February Issue
January 23, 2015

Small cities press for fair and equitable school funding to ensure students receive a 'sound, basic education'

Author: Ned Hoskin
Source: NYSUT United
small cities
Caption: Utica TA President Cherie Grant teaches fifth grade at the Thomas Jefferson Elementary School. The Utica district has the highest student poverty rate among all upstate districts at nearly 45 percent. Photo by Michael Okoniewski.

Utica, like so many small upstate cities, was once a thriving industrial community. But as the textile and silverware manufacturing disappeared, the city's population and prosperity went with it.

Immigrants from Vietnam and Burma and refugees from wartorn countries such as Bosnia and Somalia have put down roots in Utica over the last several decades and now make up almost a quarter of the city's population. They've helped boost the housing market and opened small businesses, but the city still has a long road to go to find its economic ballast.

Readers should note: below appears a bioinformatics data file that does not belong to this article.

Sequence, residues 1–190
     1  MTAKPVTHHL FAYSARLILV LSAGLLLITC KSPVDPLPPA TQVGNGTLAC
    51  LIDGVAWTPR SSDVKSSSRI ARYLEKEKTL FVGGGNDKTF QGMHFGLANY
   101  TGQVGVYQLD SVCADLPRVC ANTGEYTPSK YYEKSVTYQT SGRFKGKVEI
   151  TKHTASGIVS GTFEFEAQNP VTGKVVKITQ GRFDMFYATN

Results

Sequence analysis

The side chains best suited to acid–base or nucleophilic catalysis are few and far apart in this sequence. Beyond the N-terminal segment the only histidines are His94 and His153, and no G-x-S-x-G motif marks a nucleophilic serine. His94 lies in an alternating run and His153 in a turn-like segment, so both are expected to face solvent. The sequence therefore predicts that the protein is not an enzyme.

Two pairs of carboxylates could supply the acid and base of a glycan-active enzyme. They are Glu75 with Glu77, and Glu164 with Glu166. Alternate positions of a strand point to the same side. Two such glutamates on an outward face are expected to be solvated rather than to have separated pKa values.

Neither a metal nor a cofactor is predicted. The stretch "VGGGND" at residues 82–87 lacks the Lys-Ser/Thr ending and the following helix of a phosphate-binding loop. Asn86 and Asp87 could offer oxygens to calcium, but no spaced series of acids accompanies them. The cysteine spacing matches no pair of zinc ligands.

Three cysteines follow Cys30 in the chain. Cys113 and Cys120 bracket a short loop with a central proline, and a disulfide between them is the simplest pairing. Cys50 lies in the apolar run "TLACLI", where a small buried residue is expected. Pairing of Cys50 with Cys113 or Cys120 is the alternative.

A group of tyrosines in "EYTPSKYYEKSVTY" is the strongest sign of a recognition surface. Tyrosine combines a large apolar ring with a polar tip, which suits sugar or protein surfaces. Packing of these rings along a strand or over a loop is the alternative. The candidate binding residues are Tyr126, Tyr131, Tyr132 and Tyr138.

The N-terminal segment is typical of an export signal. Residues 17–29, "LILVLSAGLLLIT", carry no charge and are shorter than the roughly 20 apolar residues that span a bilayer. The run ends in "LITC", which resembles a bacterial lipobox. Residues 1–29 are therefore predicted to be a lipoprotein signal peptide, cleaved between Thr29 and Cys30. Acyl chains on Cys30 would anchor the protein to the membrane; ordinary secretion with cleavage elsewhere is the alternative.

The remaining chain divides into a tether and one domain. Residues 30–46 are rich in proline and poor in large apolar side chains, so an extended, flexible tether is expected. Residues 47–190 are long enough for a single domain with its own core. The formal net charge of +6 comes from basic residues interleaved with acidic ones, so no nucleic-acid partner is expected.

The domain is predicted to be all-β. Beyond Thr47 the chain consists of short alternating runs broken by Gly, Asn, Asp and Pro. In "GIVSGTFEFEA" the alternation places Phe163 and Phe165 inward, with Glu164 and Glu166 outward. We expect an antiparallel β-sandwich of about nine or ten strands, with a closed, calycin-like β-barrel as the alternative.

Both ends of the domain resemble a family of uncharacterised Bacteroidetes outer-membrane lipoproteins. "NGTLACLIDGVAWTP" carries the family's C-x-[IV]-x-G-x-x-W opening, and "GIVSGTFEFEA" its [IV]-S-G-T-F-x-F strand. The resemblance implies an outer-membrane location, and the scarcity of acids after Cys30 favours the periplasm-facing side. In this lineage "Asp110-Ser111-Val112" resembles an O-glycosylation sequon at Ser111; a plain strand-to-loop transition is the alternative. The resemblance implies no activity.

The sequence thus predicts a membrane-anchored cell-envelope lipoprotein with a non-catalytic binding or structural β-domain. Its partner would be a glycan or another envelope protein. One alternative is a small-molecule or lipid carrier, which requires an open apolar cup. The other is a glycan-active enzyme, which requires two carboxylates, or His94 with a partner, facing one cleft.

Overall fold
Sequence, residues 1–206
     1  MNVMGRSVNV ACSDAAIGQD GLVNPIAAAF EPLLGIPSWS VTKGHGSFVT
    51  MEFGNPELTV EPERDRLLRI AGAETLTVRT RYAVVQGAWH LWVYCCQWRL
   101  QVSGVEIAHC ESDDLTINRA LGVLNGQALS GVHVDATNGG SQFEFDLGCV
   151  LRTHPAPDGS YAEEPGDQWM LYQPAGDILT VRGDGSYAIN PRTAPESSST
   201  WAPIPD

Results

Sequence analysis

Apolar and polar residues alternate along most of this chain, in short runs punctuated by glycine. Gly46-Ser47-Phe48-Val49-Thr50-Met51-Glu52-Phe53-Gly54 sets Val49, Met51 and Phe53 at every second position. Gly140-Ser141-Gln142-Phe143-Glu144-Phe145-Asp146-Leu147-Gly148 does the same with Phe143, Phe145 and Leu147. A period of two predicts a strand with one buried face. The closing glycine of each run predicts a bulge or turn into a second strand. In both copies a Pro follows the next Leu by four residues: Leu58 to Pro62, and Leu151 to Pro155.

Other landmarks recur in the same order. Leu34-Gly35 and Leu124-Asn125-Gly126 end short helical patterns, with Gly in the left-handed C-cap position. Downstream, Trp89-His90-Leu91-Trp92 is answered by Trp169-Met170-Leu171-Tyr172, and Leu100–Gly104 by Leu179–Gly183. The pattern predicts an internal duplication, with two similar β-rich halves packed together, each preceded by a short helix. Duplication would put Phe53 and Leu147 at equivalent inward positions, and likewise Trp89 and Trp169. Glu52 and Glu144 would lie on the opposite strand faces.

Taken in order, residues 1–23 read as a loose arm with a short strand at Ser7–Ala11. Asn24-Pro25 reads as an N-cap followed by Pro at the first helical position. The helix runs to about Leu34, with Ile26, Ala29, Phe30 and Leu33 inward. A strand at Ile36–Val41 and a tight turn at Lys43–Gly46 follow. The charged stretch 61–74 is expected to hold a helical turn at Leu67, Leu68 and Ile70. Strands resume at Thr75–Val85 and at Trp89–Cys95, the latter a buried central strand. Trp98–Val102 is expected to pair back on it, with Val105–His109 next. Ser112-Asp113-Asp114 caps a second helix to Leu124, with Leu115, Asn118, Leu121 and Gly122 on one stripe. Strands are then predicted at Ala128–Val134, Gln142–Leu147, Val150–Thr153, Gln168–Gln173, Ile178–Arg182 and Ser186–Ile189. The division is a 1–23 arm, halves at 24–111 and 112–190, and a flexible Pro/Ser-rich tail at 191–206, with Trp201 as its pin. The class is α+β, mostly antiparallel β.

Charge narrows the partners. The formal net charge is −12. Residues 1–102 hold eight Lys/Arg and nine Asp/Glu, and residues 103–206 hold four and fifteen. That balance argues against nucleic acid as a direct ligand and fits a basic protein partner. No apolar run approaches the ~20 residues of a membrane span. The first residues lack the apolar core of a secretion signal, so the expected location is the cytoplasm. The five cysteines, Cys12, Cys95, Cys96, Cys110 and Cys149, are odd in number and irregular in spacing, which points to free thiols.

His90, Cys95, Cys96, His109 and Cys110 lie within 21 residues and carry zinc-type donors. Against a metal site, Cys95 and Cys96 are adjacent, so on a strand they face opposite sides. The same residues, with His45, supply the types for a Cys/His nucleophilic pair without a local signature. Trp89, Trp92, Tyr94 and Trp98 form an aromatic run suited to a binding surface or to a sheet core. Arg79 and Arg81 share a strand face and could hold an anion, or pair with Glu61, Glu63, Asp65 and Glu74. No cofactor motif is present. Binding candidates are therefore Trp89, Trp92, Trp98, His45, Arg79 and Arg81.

Today, almost a third of the city's population lives below the poverty line. The city's school district fares even worse with a 43.86 student poverty rate - the highest among all upstate school districts. Many students come to school lacking basic skills, such as linguistics and writing. Forty-two different languages are spoken in the schools.

"We have refugee students from cultures who don't even have written language," said Cherie Grant, president of the Utica Teachers Association. "They only have oral language."

It's not English, obviously. Yet, the state requires them to take the same ELA assessments as their fellow students.

While Utica has been identified by the federal government as a primary stop for refugees on the eastern seaboard, "there's no federal money that follows them," Grant said.

Students in Utica require resources that students in wealthier districts don't need or already have: small class sizes, remedial help, administrative and cultural support.

But in Utica and other small New York state cities, the lack of state funding, the tax cap and the gap elimination adjustment have combined to crush opportunities over the past five years.